Have you ever had a similar experience?
What’s worse than a service that doesn’t work? How about a service that tries and fails? Well, I have an account with Cahoot and they offer a service whereby if you overdraw your account they will SMS or email you. Well, I overdrew my account this week on Tuesday, noticed when I checked my account on Wednesday and transferred some more funds in.
What I wasn’t expecting was an SMS on THURSDAY telling me that my account was overdrawn. That’s about as useful as scouring the Internet for Delta fauctes when your house doesn’t have any running water! What would be really useful would be an SMS before I was overdrawn telling me that this was happening, not one 2 days later. A number of withdrawals from my account are scheduled, so it wouldn’t be hard to have some intelligence in there to warn me that my account is looking like it’s going to be overdrawn too.
Any service you guys find less than useful?
I’ve had a couple of positive experiences this week, both of them dealing with different companies where I was given service right at the point where I initiated contact with the companies. One was a household insurance claim with Direct Line after my wife drowned her phone; the other was with our local telecoms provider Manx Telecom where I wanted to switch contract. And I have high praises to sing about both companies based on my customer experience.
The reason is that they resolved my business within a few minutes, without asking me to come back another time or speak to someone else. This could only be done thanks to the correct use of technology and the proper empowerment of employees who customers are dealing with. In both cases, I only had to deal with one person, who had both the tools at their disposal and the ability to resolve my issues, and this is really what a customer wants from a company that’s providing a service to them. The same applies whether you’re selling costumes, servicing a complaint in a Westgate property, or listening to your constituents. People come to you with an expectation that you will assist them in some shape or form, and if you can meet or even exceed those expectation, then you can turn them into your fans and supporters. So give clients the service they expect .. and give it to them right away!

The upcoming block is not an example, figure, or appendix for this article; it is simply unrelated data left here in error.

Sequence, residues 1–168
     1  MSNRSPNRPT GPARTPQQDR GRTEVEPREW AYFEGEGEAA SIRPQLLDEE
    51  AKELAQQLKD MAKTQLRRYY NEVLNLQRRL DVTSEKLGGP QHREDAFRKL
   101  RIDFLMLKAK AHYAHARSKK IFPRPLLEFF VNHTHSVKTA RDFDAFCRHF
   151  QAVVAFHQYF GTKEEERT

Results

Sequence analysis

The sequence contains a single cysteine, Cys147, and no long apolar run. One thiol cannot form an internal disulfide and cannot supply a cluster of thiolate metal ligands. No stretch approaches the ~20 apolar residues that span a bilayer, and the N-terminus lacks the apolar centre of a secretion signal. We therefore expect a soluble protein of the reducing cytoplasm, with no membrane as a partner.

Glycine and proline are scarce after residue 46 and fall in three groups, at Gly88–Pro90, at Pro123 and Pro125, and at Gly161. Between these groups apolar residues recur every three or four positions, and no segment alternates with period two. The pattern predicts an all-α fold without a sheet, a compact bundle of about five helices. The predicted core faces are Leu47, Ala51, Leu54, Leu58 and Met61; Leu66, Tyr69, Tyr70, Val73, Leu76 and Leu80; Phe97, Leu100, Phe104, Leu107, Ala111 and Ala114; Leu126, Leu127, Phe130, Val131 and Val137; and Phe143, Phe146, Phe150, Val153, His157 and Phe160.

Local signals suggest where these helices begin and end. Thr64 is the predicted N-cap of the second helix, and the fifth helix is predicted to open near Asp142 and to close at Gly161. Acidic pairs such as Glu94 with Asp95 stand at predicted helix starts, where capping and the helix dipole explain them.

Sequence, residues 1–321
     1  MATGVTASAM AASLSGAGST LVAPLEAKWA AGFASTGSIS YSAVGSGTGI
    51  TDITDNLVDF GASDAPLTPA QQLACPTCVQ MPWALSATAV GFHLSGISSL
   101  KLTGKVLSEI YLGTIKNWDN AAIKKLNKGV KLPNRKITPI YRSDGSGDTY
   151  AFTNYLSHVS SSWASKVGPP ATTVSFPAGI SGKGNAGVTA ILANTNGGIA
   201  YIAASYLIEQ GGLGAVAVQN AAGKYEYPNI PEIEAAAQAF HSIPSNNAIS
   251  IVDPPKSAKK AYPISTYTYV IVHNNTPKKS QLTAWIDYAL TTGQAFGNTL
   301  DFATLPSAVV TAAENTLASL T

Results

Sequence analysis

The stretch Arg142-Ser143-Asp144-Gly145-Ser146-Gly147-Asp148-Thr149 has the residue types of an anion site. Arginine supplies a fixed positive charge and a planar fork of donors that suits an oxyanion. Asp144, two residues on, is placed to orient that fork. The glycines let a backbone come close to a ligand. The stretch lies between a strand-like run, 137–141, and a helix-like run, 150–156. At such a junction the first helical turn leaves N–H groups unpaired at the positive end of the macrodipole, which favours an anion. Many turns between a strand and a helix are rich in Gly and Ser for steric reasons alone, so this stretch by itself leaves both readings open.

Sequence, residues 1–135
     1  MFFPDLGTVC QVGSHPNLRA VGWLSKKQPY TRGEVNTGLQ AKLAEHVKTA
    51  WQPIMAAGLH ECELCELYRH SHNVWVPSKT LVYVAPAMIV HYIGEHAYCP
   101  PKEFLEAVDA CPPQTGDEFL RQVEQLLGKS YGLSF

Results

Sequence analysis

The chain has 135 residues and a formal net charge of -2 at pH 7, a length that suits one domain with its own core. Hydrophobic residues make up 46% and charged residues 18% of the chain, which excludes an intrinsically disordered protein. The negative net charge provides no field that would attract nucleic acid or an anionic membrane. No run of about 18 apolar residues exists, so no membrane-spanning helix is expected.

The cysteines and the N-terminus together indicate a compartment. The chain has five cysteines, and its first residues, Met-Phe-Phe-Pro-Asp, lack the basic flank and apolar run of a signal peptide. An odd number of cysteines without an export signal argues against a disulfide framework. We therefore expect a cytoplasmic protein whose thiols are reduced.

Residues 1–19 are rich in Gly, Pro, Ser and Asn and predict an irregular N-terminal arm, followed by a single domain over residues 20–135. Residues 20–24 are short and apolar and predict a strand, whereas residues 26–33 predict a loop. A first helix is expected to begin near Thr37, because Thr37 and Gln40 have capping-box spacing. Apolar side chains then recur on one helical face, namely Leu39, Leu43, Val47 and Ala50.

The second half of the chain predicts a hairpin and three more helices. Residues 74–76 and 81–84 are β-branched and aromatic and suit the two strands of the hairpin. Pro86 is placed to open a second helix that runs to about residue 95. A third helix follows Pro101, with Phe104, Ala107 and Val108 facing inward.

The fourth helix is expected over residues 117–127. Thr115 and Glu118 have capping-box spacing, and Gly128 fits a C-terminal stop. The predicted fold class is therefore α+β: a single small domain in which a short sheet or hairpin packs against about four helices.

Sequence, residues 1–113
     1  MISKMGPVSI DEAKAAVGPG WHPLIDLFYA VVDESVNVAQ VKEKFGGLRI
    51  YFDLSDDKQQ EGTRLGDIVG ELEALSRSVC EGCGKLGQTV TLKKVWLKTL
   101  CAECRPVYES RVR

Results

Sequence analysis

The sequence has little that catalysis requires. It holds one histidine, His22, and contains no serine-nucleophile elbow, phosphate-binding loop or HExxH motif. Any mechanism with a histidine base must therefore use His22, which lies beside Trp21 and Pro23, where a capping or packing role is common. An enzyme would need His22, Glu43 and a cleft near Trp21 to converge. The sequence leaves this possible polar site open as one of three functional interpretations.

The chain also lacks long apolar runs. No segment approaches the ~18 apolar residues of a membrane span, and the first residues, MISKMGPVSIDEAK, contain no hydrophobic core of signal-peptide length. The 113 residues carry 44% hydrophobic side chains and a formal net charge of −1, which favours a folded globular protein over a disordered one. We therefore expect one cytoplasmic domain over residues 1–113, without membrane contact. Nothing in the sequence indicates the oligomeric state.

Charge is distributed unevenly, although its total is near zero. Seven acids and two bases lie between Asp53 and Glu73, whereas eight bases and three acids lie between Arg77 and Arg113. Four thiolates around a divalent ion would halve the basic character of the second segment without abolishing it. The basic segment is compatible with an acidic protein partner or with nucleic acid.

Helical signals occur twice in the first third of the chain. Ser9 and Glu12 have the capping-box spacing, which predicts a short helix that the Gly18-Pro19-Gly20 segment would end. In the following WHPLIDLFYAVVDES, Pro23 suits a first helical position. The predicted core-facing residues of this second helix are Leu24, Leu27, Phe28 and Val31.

Some time ago I blogged about a problem I was having with HSBC Malta centred around a communication breakdown. I had been trying to get a message through to them for months, and finally they sent me a letter saying they were cancelling my savings plan; which would have resulted in a substantial financial loss for me (savings plans tend to pay out if you stick with them; but cancelling out early means that the charges you would have paid are much larger than any potential gains; a bit like taking diet pills and going for an all-you-can-eat buffet every day).
Anyway, after sending them a letter (yeah, I had to put pen to paper and pay £4 to send a registered letter); they *finally* got the message and told me what the damage was; which I paid immediately and now my account is back in good standing. After 3 months of using their online messaging facility, it only took one letter to resolve the issue. I don’t know if it was the tone of the message; or the face that I CCed it to their customer complaints department; but they finally resolved the issue.
Anyway, it’s not worth getting bitter about it; and I’m glad the problem is resolved. Thanks to whoever took the initiative to sort it out.